Edmund Burke may have, for the most part, talked wall to wall crap but he was onto something when he opined "all that is necessary for the triumph of evil is that good men do nothing". Now, by no stretch of the imagination is McGuinness a good man but alas it seems that the few good men republicanism has left are happy to follow his lead in doing absolutely nothing in the face of rabid sectarian hatred. The bigotry and hatred is something you get used to - it's always been there and always will be. But when resistance dies what is left? Sickening.
keresaspa: (Heckle and Jeckle)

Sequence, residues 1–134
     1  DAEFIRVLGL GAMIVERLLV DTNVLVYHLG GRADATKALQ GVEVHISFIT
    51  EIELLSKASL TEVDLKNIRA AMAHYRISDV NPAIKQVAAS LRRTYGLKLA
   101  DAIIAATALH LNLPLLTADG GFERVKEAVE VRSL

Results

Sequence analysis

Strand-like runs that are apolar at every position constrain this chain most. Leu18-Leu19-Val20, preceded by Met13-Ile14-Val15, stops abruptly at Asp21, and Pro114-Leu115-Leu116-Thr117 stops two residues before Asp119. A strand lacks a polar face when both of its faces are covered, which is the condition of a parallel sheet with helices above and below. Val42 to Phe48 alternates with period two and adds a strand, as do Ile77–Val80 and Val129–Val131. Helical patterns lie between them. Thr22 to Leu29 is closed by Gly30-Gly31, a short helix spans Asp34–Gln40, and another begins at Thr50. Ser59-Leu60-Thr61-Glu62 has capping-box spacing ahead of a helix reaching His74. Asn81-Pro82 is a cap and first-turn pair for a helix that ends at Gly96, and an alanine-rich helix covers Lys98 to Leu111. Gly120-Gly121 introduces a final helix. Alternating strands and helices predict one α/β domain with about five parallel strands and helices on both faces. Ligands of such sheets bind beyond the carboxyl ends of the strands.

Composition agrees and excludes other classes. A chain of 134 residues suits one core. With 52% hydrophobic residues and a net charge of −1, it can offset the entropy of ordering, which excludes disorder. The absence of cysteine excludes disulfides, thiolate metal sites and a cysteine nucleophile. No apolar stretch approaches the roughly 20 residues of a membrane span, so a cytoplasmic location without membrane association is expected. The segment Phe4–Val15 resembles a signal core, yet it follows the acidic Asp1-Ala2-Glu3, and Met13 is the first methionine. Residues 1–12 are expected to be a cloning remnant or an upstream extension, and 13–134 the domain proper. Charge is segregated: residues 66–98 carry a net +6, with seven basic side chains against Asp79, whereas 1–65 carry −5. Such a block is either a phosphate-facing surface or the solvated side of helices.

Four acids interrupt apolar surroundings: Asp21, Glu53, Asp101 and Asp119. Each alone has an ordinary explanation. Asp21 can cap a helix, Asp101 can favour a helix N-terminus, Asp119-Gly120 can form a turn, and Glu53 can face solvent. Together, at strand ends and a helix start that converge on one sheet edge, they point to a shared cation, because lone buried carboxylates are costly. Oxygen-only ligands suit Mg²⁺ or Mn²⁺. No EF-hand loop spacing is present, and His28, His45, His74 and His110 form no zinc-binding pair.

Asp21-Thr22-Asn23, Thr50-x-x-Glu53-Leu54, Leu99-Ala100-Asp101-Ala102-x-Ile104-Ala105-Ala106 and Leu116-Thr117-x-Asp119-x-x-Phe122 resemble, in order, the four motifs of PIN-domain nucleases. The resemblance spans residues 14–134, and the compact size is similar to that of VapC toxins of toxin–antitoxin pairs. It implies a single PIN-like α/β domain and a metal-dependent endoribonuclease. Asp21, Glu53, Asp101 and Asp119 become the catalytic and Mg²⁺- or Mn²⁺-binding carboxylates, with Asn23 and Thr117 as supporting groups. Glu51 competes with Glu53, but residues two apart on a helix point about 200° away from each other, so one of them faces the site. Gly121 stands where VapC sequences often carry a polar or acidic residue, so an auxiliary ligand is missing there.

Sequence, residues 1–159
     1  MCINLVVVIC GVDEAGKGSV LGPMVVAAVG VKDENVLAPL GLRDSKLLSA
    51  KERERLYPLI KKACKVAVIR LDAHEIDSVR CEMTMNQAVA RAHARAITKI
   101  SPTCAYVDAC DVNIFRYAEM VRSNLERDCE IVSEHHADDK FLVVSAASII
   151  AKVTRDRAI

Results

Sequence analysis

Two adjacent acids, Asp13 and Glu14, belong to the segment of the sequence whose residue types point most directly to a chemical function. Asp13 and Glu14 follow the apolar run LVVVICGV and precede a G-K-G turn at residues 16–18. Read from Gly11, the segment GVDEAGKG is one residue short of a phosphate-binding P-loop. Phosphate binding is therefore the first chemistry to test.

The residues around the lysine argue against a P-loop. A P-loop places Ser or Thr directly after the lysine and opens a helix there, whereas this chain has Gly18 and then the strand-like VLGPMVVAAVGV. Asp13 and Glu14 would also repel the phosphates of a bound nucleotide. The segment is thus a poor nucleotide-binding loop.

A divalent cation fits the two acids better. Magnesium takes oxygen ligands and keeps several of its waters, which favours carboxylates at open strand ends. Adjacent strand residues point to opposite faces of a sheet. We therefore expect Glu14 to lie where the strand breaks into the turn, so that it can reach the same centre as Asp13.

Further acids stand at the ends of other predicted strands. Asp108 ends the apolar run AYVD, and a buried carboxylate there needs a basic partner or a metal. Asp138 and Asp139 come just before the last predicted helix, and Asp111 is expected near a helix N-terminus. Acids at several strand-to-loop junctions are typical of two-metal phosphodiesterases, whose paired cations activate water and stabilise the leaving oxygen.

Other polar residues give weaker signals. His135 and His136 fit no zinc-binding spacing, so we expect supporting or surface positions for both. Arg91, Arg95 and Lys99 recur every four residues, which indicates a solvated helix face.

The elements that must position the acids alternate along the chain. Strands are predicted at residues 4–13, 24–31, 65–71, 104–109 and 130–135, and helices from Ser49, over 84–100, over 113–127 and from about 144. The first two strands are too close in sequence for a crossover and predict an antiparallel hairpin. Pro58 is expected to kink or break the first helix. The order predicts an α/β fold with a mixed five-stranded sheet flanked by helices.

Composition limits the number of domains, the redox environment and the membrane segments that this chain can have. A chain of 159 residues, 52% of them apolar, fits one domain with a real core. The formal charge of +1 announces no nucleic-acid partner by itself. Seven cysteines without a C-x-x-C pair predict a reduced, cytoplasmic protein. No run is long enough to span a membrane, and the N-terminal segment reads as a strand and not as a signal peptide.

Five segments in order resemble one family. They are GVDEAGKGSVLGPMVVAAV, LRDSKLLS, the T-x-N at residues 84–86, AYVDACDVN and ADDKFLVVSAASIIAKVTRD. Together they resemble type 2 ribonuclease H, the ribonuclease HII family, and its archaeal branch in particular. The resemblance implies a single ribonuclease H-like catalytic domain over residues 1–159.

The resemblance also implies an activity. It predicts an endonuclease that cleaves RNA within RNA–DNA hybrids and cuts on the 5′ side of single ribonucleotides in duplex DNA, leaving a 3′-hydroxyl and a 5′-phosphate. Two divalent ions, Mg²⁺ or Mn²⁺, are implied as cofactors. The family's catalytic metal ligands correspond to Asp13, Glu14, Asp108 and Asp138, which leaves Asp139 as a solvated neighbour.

Remember the days when the Assembly would be brought down if any of the paramilitaries even sneezed? So long ago, especially where the UVF are concerned. They can flout the law with impunity whilst the presence of their Progressive Unionist Party representatives makes no bones about it. Heck, they can even kill people and nothing happens beyond a few disapproving clucks. As such today's death threat against Conor Murphy by an organisation alleged to be on ceasefire has been virtually ignored by the local media as the UVF's violent sectarianism is now so run of the mill that it doesn't even merit reporting any more. I have little sympathy for Murphy or any of his Sinn Fein compadres because they are equally complicit in maintaining the fantasy that the Troubles are over even though the uve are still running riot as the Sinners are the ones getting the big salaries out of it. They were also the ones who rushed to get rid of their own UVF equivalent in order to get their snouts in the trough and so lost their own guaranteed protection by packing the Provos off to bed for good. Mind you, he's wasting his time making sure his mates in the cops are informed.